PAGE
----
As I’m sure so many of you have heard, the Hamilton cast recording released this week to critical acclaim and repeat listens from probably more than half of your Twitter feed. For good reason too. I had vaguely heard of the critically acclaimed Broadway show before this week, but in the space of a few days of listening to the soundtrack constantly, I became obsessed with it.I honestly can’t remember the last time I was so taken with a musical based on the soundtrack alone. Everything about it is so slick and dynamic. Composer and star Lin-Manuel Miranda has busted his ass to create a dynamic story of the youngest founding father. I knew Alexander Hamilton was an amazing figure of US history, but I never really knew to what extent. There’s also a universal story there in the songs, with songs like ‘My Shot,’ ‘Non-Stop,’ and ‘Hurricane.’ I know as a writer, I got choked up when Hamilton sings during ‘Hurricane,’ “And when my prayers to God were met with indifference, I picked up a pen, I wrote my own deliverance!”
There’s also the hysterical fact that the cast member who has the most pop culture currency is basically, to borrow a phrase from Evil Dead: The Musical, the bit part demon of the show. Jonathan Groff as King George doing the whole “Arrive, Sing, Leave” thing three times should not amuse me so much, but he’s singing passive aggressively over a long lost Monkees melody. It’s such a ridiculous and beautiful heel move.
With the way everything ties together on the recording, it’s been hard to not ask everyone I’ve met up with in the past week if they’ve listened to it and the proceed to hype it up in order to get them to listen to it. So naturally, you can bet an article from Jezebel titled “Should You Listen to the Soundtrack to Hamilton If You Have Not Seen Hamilton?” rubbed me the wrong way. Even more so when it declares that you shouldn’t.
To the credit of the article’s author Julianne Escobedo Shepherd, she does put a caveat that you should listen to it if you don’t live in New York, but I still couldn’t help but sing “It must be nice/it must be nice” in the same sarcastic tone Daveed Diggs and Okieriete Onaodowan sing as Jefferson and Madison in ‘Washington On Your Side.’ The whole tone the article takes is that the soundtrack is just the Cliff Notes version and you shouldn’t spoil yourself to the experience until you see it so you don’t make basic comparisons to other hip hop songs. This is, of course, coming from an author who admits to seeing the show twice.
Again… it must be nice. I can’t even afford to buy the soundtrack on iTunes right now, let alone getting tickets for any opening that would pop up and the travel to get up there. I’ve been alternating between Spotify and Apple Music.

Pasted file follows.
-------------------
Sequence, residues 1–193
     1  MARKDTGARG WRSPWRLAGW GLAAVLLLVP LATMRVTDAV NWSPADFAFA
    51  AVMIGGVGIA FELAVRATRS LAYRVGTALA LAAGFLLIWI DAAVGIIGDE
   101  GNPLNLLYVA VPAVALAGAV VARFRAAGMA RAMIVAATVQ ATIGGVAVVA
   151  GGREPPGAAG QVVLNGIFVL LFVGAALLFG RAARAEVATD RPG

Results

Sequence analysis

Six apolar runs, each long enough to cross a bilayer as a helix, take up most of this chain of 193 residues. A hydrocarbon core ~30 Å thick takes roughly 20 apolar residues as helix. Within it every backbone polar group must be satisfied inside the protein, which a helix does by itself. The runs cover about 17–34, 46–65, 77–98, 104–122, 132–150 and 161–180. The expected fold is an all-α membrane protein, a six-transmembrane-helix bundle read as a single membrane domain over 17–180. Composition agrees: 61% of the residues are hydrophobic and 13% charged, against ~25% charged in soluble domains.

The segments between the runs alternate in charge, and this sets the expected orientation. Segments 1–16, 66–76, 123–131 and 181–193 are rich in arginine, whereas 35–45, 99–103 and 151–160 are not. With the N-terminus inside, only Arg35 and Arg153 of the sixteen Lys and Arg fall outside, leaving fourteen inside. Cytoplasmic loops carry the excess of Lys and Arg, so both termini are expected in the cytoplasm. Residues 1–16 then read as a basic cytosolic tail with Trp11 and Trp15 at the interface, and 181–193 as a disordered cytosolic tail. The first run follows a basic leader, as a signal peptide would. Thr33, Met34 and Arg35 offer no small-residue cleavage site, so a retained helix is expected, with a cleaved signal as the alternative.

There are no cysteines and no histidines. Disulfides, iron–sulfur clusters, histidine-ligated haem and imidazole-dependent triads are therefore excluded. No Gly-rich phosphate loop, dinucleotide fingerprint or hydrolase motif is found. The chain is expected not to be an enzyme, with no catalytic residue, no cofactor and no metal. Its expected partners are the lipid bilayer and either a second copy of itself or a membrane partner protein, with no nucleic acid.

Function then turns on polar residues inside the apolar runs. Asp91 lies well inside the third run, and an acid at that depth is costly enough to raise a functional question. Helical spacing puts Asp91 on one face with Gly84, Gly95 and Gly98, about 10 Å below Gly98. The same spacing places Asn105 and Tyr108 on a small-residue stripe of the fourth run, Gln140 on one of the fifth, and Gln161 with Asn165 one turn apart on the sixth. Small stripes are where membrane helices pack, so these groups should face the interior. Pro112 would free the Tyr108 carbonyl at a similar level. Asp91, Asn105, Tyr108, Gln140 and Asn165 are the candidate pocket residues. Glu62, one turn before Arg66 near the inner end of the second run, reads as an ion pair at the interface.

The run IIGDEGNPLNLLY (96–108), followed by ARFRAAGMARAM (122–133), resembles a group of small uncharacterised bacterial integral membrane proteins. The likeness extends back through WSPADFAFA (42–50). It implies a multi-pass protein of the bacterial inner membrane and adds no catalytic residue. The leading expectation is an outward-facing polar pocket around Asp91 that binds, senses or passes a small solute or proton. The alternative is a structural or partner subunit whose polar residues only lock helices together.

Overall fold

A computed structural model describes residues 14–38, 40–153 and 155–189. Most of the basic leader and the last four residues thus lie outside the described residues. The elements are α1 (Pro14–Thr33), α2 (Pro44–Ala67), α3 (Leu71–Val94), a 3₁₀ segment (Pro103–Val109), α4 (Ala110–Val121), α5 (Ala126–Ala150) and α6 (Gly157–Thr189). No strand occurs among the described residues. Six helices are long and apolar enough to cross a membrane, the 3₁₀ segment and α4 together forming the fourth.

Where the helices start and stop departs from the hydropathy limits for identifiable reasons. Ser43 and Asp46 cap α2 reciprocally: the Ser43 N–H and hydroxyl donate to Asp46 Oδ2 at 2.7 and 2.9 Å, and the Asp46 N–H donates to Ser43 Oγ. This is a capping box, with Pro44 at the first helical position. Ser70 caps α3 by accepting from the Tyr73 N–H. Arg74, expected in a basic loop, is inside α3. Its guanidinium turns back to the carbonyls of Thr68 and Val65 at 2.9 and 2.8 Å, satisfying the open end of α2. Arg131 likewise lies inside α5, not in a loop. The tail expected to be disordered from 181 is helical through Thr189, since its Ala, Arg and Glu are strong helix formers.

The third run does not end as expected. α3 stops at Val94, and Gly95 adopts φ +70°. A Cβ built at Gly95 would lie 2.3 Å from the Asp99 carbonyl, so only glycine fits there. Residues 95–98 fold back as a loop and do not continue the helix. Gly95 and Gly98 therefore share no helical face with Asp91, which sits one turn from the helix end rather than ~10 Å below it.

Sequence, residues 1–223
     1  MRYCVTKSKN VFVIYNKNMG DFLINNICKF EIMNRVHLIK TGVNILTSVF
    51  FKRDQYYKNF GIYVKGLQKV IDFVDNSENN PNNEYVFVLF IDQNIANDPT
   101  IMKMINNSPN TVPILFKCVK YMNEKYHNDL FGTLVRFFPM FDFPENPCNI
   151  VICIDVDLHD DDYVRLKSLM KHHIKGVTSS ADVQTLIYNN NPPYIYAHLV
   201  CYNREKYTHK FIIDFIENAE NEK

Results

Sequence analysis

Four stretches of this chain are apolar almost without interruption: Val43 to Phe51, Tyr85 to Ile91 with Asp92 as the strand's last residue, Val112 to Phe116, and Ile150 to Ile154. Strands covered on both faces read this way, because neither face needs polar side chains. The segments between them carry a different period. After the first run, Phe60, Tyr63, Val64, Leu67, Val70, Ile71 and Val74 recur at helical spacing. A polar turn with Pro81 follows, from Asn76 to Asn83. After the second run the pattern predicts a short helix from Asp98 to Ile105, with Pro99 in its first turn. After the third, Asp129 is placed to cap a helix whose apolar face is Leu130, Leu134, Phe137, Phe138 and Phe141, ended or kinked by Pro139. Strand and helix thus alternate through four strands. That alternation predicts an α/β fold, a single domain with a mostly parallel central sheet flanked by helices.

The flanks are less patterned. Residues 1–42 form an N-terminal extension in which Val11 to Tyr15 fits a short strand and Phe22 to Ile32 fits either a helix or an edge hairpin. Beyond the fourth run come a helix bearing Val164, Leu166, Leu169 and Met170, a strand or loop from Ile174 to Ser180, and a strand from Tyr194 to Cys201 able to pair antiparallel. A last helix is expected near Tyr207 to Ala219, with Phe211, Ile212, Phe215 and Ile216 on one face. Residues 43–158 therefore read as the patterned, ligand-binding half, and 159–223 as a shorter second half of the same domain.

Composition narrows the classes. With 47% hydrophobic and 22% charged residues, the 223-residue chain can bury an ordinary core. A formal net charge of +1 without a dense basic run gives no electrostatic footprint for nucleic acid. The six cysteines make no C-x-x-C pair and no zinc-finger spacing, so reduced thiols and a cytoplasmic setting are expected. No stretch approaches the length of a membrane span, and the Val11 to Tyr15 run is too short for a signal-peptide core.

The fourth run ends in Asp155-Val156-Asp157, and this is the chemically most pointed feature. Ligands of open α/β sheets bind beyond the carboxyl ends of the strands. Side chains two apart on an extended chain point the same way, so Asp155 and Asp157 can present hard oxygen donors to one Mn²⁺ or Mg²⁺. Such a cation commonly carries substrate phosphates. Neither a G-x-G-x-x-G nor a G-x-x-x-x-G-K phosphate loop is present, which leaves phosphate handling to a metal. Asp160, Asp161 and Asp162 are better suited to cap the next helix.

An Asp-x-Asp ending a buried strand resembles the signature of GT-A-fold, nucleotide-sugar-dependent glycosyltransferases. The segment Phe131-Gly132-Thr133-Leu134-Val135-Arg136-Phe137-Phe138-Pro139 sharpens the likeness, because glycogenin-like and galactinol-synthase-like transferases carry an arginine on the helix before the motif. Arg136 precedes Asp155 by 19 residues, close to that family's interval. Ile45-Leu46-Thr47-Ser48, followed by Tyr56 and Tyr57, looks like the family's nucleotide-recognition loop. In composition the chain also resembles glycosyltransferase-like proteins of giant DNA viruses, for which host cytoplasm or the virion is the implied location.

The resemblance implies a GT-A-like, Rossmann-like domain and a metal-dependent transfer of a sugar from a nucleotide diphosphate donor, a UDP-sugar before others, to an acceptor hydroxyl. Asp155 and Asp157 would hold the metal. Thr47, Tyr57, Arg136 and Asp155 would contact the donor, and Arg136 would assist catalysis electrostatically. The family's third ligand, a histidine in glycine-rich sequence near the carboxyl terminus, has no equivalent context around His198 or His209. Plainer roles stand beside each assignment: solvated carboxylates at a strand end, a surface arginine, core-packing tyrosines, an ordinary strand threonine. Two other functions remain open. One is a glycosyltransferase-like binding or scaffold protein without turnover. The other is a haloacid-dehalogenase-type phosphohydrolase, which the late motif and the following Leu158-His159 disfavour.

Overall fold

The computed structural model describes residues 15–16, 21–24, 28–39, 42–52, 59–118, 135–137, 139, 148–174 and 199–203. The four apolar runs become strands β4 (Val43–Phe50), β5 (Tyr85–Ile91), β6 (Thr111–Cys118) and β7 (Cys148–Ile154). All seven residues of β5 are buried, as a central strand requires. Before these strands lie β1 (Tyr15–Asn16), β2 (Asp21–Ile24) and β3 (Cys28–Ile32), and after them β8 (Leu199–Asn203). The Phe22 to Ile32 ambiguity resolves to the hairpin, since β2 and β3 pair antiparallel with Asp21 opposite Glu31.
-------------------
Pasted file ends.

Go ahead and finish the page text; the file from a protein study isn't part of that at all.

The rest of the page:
When I was a musical theater kid back in the day, I used to be so jealous of all the kids and of my teachers who would brag about the musicals they would see on Broadway during their vacations. The only musical I’ve seen on Broadway so far is Thoroughly Modern Millie back before it won the Tony for Best Musical. If you don’t remember when that was, that was back in 2002. I wasn’t even 12 yet. My family just didn’t have the money to keep up that kind of Spring Break vacation. Hell, even getting to see a touring cast of Mamma Mia! at the Fox felt amazing. Most of my other exposure to musicals was either through film versions, community productions, or cast recordings.It’s not that I don’t want to see Hamilton. Believe me, I REALLY do now and I would make time for it while I’m at NYCC if I could. It’s just that an attitude of “don’t listen to the soundtrack until you see it” is so tone deaf to the accessibility issues Broadway has. Very few shows ever have their pro-shoots released to the public, so most people who can’t afford to go to these shows won’t get to see them unless they make a film or release a cast recording. Touring productions are an option as well, but those can also be expensive depending on the theater and the show. When I was working in the call center for a major performance space in Atlanta, I was selling tickets upwards of $200 a seat for Book of Mormon almost two winters ago. Same for Wicked last Fall. I would not be surprised if the eventual touring production of Hamilton is also that expensive.
And the thing is is that Hamilton SHOULD be accessible. It took parts of American History that are often glossed over in favor of the basics and brought out the dynamic story there in a way modern audiences could get. The use of an American-born form of music to tell the story of America’s first years is brilliantly done in a way that not a whole lot of other media has nailed. This musical should be used in classrooms as a teaching tool in the same way comics like John Lewis, Andrew Aydin and Nate Powell’s March and Marjane Satrapi’s Persepolis are. Miranda has stated that they will be releasing a “clean” version of the soundtrack for such purposes soon, but a pro-shoot release would take this to the next level.If you get a chance to go see Hamilton, go see it and tell me how amazing it is in person. However, don’t deprive yourself of the soundtrack experience for bullshit reasons. It’s a dynamic production in it’s own right that doesn’t make me feel like I’m missing huge chunks of the show from that being my only experience. Miranda and company’s don’t half ass anything with Hamilton and if it shows on the soundtrack, I can only imagine what the show is like. I hope that I will get to see it one day, but until then, you can find me alternating between listening to ‘The World Turned Upside Down’ and ‘Satisfied’ a million times each.